FLORHAM PARK — Todd Bowles has decided to run interference for Darron Lee. A Super Bowl-winning safety in his playing days, the Jets head coach converts into a pulling offensive guard intent on flattening the critics of his second-year inside linebacker. While others are particularly blaming Lee for the Jets’ defense allowing 370 rushing yards in the first two games, Bowles is standing by his man.
EAST RUTHERFORD — Injury or no injury, Odell Beckham’s attitude never changes. “Whether we’re 0-2 or 16-0, I always want to be a difference maker,” the Giants’ biggest difference maker said Thursday, after he again was limited in practice by his high ankle sprain. After missing the season opener in Dallas and catching four passes for 36 yards in a decoy role against Detroit on Monday night, Beckham is itching to make a big contribution Sunday against the Eagles in Philadelphia.
EAST RUTHERFORD – When Damon Harrison watches scouting tapes of the Philadelphia Eagles, he occasionally rubs his eyes in disbelief. The Giants’ run stopper looks at Carson Wentz, the Eagles’ second-year quarterback that his defense must contain on Sunday, and wonders if he’s not watching a more established passer. “He looks a lot more comfortable in the pocket,” the defensive tackle said Thursday after a practice in which how to contain Wentz probably was mentioned more than once.
Muck Rack makes it simple to find people, tweets, or articles that mention any name, keyword, company, hashtag etc. We've compiled this guide to help you make the most of your search.
Selecting a term
Start searching tweets, articles from media outlets, articles mentioned in tweets, journalists'
names, titles and bios with some suggested searches:
Companies or Topics (e.g. iPhone, Microsoft)
Phrases (e.g. "cloud computing") — use quotes to keep the terms together
Twitter handles (e.g. @username) — returns those who have mentioned or replied to
Names (e.g. "David Pogue")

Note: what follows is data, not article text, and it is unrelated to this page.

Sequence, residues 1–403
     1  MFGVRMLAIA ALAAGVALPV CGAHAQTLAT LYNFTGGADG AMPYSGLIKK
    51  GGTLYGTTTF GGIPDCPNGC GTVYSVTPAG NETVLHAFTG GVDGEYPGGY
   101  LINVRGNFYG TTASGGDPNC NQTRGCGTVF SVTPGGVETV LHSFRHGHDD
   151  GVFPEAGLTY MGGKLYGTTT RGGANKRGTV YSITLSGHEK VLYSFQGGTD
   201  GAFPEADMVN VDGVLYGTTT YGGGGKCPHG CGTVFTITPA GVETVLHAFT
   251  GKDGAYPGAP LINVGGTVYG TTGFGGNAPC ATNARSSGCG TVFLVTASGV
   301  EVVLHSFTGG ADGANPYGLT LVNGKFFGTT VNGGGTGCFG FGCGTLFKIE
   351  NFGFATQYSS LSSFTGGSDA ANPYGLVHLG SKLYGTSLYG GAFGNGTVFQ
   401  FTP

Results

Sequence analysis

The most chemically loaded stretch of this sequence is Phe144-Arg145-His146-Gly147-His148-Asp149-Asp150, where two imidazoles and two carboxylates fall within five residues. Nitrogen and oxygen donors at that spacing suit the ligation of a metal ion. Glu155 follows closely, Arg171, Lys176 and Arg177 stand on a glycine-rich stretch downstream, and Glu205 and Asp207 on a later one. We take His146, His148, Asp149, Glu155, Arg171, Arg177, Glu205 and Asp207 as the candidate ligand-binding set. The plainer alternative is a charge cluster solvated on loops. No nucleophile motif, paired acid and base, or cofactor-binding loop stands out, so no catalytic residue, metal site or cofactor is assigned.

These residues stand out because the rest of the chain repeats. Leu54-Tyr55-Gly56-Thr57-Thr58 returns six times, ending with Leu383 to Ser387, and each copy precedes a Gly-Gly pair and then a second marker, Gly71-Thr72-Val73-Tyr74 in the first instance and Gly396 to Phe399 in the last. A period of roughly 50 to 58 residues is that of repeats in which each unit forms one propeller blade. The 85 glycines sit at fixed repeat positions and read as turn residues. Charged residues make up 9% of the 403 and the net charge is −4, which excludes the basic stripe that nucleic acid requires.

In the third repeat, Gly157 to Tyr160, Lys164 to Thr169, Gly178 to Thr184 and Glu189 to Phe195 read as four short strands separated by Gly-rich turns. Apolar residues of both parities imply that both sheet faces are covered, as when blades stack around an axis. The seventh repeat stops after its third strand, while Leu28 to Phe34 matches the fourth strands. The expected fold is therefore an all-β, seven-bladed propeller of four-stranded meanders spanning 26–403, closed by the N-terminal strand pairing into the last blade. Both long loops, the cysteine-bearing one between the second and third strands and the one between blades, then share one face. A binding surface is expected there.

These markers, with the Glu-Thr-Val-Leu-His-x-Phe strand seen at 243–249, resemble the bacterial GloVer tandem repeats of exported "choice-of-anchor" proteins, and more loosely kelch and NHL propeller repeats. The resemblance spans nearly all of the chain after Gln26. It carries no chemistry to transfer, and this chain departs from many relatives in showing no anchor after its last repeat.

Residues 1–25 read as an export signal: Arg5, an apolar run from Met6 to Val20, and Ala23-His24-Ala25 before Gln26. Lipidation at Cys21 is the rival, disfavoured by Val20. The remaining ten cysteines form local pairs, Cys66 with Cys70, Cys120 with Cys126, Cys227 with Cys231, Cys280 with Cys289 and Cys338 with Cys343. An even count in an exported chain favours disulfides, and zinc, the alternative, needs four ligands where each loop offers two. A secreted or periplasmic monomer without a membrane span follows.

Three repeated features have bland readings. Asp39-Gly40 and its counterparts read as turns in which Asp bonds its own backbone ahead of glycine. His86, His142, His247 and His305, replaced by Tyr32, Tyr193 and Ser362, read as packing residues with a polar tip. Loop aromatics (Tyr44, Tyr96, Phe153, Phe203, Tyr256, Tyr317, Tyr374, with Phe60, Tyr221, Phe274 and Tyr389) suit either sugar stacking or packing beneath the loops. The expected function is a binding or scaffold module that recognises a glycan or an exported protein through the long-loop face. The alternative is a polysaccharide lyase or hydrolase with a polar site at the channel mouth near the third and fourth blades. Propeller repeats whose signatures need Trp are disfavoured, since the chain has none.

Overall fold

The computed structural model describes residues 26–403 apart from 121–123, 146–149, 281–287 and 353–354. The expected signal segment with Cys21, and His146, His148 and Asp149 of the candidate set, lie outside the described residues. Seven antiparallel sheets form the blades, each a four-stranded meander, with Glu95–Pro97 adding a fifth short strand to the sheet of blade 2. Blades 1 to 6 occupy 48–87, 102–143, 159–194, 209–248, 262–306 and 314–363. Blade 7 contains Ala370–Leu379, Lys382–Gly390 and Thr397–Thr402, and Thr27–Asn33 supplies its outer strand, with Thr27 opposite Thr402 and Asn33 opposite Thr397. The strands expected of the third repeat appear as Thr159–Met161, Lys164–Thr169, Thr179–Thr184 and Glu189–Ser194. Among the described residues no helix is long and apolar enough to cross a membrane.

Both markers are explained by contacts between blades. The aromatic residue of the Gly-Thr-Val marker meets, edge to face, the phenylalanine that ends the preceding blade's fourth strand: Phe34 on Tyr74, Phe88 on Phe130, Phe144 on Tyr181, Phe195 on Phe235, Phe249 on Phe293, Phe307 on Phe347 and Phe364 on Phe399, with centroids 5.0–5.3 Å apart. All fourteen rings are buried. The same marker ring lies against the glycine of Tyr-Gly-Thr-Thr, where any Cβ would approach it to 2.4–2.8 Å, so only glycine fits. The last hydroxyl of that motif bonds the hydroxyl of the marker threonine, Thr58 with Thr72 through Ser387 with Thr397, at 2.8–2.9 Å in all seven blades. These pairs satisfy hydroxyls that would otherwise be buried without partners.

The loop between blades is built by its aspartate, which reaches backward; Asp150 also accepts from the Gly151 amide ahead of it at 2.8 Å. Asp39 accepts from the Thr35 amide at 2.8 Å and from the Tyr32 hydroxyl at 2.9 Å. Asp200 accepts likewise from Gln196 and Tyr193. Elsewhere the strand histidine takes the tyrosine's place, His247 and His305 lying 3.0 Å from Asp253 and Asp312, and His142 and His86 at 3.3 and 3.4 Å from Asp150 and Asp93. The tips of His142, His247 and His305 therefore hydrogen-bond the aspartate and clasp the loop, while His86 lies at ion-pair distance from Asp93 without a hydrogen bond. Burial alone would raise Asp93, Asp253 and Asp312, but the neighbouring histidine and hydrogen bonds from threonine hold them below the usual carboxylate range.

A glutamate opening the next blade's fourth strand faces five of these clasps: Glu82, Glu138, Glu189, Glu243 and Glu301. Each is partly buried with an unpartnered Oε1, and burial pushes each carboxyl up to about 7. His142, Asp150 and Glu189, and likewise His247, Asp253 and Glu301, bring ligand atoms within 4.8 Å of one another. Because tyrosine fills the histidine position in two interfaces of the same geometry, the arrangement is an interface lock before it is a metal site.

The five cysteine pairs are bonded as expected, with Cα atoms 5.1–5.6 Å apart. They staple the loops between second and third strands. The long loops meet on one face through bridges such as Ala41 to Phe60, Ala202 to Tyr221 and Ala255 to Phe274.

Hashtags (e.g. #sxsw, #london2012)
Bio details (e.g. vegan, Olympics, father)
Muck Rack's Advanced Search allows for many boolean operators.
Find results that mention multiple specified terms, use AND or
+. For example, ensure each result contains both Elon Musk and Mark Zuckerberg by
searching Obama AND Romney or Obama + Romney.
Use the operators OR or , to broaden your search when you'd like either of
multiple terms to appear in results. (This is the default behavior of our search when no operators
are used.) For example, search for democrat OR republican to find results that refer to
Democrats and/or Republicans.
Use NOT or - to subtract results from your search. For
example, searching Disney will yield results about the Walt Disney Company as well as Walt Disney
World Resort. To exclude mentions of Disney World, search for Disney -World or Disney
When using one of these operators with a phrase, enclose it in quotation marks. For example, you can
find results about smartphones excluding Apple's iPhone 4S by searching smartphone -"iPhone
Exact case matching or punctuation
If you're searching for a brand name or keyword that relies on specific punctuation marks or capitalization, you can
find results that match your exact query by adding matchcase: before the keyword you're searching for, like matchcase:E*TRADE .
Use parentheses to separate multiple
boolean phrases. For example, to find journalists talking about having fun in Disney World or
Disneyland, search for ("disney world" OR disneyland) AND fun.
An asterisk can be used to search for any variation of a root word truncated by the asterisk. For example, searching for admin* will return results for administrator, administration, administer, administered, etc.
A near operator is an AND operator where you can control the distance between the words. You can vary the distance the near operation uses by adding a forward slash and number (between 0-99) such as strawberries NEAR/10 "whipped cream", which means the strawberries must exist within 10 words of "whipped cream".